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Old 06-13-2014, 01:02 PM   #1 (permalink)
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Pickup air dam - too low? Jeep MJ

Hello all,

I have the opportunity to pick up a fiberglass SCCA-style air dam reproduction from the original mold identical to the below Comanche race truck for my own Comanche, with the thought to improve aero.



Now as I understand it, there can be disadvantages to too large of air dam that extends below the underbody contours/parts. Would the SCCA one significantly hurt the aero/mileage vs. the modified S10 air dam on my rig (image below for comparison of the above, sorry for the shadows), and is this SCCA dam more for downforce than for streamlining?



Additional info: The above home-brew air dam's edges curve around to cover 2/3 of the tire and not completely cover the frontal area of the tire as the SCCA style does. Also, the S10 air dam is vertical; it looks curved back in the image.

Thoughts on this? I'm still new at this, eager to learn.

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Old 06-13-2014, 04:41 PM   #2 (permalink)
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air dam height

Here's a link that ChazinMT shared,from a masters thesis on pickup aerodynamics.The author tested for affect of air dam height.http://csus-dspace.calstate.edu/bits...pdf?sequence=1
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Old 06-13-2014, 04:56 PM   #3 (permalink)
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Maybe it is just me, but the airdam you have right now "looks" more aero than the "race truck". I think a big part of the difference is because of ride height. Look at the "race truck," it looks lowered on much smaller tires than what you currently have. I would guess you would gain more MPG from trying to emulate the ride height than you would from the airdam.
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Old 06-13-2014, 05:03 PM   #4 (permalink)
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Also wanted to add...LOVE Comanches. I had one in highschool that the previous owner had put a mildly built 4.0 HO in with a manual, 2wd. It was a pretty darn good truck, but it was an electrical nightmare (OBD 1, Chrysler junk) and it was rusting apart.

I filled the box full of gravel one day, and the sides of the box swelled out and the rust broke free all over. That engine eventually found its way into a '93 2 door, where it served admirably as a fairly fuel efficient and capable fishing/boat hauling rig.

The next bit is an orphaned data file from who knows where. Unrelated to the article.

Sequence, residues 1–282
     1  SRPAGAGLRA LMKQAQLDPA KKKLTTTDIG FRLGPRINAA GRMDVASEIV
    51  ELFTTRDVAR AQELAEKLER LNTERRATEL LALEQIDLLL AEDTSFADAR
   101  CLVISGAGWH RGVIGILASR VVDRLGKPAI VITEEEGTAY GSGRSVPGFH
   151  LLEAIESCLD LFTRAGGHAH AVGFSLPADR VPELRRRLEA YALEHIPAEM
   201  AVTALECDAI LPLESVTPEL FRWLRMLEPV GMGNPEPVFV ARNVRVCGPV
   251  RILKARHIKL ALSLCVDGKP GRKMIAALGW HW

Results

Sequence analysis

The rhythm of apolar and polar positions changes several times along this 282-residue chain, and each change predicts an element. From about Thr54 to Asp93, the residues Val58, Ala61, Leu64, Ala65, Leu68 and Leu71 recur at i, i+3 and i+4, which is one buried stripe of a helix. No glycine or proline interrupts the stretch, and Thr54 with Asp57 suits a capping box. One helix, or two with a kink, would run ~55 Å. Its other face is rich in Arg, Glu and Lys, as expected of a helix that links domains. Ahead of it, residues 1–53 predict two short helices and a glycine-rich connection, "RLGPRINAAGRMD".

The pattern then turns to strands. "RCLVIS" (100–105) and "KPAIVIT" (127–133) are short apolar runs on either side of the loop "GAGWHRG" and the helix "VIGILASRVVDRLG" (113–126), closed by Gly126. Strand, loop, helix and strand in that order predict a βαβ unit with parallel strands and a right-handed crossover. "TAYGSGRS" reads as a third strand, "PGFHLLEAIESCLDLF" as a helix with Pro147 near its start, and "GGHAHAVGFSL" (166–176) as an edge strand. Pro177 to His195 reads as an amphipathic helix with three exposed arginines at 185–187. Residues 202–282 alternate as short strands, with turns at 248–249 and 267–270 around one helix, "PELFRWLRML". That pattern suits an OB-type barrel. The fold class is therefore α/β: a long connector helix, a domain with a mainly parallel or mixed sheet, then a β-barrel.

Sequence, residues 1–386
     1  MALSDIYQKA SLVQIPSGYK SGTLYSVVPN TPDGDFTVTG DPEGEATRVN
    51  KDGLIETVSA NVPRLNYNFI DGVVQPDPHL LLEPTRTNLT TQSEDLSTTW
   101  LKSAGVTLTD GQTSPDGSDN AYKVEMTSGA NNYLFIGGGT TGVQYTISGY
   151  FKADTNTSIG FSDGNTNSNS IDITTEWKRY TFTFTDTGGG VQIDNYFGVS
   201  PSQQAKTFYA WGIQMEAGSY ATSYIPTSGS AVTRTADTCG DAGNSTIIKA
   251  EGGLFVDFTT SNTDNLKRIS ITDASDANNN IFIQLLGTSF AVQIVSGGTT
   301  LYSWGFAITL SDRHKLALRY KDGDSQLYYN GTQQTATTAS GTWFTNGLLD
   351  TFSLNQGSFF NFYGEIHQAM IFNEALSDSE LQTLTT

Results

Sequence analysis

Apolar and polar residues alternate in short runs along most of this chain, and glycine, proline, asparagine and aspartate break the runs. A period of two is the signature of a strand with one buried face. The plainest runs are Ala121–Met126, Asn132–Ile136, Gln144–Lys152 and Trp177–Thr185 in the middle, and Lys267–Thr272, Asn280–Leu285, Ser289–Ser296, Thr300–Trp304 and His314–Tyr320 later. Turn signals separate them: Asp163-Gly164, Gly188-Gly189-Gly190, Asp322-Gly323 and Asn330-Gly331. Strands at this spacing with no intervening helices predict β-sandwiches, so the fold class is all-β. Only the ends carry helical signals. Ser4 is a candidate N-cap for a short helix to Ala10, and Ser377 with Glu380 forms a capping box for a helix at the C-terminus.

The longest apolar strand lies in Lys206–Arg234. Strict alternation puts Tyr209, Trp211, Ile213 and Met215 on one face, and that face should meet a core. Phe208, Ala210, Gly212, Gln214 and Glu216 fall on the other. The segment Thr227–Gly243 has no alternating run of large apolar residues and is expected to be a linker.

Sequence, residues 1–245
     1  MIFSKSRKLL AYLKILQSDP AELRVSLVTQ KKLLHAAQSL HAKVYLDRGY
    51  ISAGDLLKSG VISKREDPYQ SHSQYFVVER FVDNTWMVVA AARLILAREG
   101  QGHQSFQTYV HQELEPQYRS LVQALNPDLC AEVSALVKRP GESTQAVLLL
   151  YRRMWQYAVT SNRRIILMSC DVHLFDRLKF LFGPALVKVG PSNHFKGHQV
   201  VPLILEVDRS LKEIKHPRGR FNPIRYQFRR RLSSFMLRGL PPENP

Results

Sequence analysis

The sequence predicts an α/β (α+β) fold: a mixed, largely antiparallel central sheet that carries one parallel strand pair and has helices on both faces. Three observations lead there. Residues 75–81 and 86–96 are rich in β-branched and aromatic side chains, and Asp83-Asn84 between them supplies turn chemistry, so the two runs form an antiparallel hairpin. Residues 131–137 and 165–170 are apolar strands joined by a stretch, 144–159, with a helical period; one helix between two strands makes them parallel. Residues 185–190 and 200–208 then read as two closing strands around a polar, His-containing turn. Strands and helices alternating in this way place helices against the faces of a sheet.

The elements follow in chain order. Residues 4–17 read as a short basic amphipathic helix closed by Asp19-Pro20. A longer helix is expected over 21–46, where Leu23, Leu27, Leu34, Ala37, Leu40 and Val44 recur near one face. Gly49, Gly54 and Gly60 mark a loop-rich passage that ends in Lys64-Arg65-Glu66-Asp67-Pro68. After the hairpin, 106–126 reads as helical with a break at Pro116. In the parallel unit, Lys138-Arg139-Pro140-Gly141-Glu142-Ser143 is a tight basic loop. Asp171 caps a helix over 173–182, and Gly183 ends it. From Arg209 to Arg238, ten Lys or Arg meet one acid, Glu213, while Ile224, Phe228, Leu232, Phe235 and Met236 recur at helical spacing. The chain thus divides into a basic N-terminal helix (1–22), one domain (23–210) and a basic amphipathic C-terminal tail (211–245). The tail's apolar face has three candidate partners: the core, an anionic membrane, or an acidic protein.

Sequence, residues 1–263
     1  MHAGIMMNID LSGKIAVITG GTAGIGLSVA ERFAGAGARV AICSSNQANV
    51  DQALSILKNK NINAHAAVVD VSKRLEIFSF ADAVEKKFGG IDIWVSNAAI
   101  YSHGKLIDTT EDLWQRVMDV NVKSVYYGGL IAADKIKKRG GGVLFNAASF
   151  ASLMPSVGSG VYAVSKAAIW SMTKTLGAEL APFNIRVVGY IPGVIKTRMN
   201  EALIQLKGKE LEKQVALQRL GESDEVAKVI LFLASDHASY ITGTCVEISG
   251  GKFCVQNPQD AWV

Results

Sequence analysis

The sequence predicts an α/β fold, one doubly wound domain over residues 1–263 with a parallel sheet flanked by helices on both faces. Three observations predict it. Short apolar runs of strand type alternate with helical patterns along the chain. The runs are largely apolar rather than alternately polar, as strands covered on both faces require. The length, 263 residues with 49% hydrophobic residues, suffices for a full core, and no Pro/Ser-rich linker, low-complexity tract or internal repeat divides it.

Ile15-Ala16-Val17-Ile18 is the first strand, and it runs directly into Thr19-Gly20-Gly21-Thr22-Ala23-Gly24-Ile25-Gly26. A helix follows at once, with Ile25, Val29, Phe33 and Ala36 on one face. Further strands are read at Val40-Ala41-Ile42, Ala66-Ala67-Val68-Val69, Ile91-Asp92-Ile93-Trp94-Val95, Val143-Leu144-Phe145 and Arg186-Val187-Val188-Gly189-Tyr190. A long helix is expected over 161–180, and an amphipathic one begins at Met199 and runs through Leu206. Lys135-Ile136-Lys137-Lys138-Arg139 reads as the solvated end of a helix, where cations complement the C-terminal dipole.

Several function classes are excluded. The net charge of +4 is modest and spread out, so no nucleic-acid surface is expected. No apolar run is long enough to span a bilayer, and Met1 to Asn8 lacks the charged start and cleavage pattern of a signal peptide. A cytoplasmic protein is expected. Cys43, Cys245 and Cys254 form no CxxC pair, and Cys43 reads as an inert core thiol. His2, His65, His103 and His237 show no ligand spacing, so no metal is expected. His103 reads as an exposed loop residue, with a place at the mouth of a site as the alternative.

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Old 06-13-2014, 05:47 PM   #5 (permalink)
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The ride height I can change; it has a 1" puck on top of the coil spring up front and has 1" lift shackles out back. By removing the puck and reverting to the stock shackles I can get a little closer to the profile of the race truck. Since it's a 2wd it has lower springs than the 4wd models; however, several years ago the driver's side leaf gave up and the only replacement I could find was a set of 4wd leafs; the truck has a noticeable rake due to this.

I will see if I can get better pics of the homebrew air dam to post up.
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Old 06-13-2014, 06:09 PM   #6 (permalink)
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looking at the race truck underbody, i would say that it is the right height. it is just low enough for the lowest hanging parts.
also it is a bit of a splitter design which moves the stagnation point downwards, further helping prevent air going underneath
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Old 06-14-2014, 03:03 PM   #7 (permalink)
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I'd follow aerohead's link, but they both look a little low to me. OTOH the bumper to fender flare transition is better, and you could just cut off the bottom 2 inches.

Have you thought about wheel spats and a half-tonneau?
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Old 06-17-2014, 03:00 PM   #8 (permalink)
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Quote:
Originally Posted by freebeard View Post
I'd follow aerohead's link, but they both look a little low to me. OTOH the bumper to fender flare transition is better, and you could just cut off the bottom 2 inches.

Have you thought about wheel spats and a half-tonneau?
Yes, I have considered a half-tonneau as well as building an aero topper for the bed. Wheel spats would take some doing as there is no good attachment points in front of the rear tires- it is only the bed wall without a flat surface on the bottom like under the cab.

Below is a better shot of the homebrew air dam. It will take some smoothing with some gorilla tape to get rid of the minute gaps.

Now that I am looking at it, I could extend it another 2" down for the lower control arms which are visible using some leftover lawn edging, and add more flaring for airflow at the tires withe remnants of the Rubbermaid trash can I used for the grill block strips.

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Old 06-17-2014, 10:31 PM   #9 (permalink)
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I've never built one of these, but I think it should work.



Fasten the conveyor belt material or whatever on two sides but not the third, and it should hold it's shape but deform on impact so it can fit closer to the tire and ground than otherwise.

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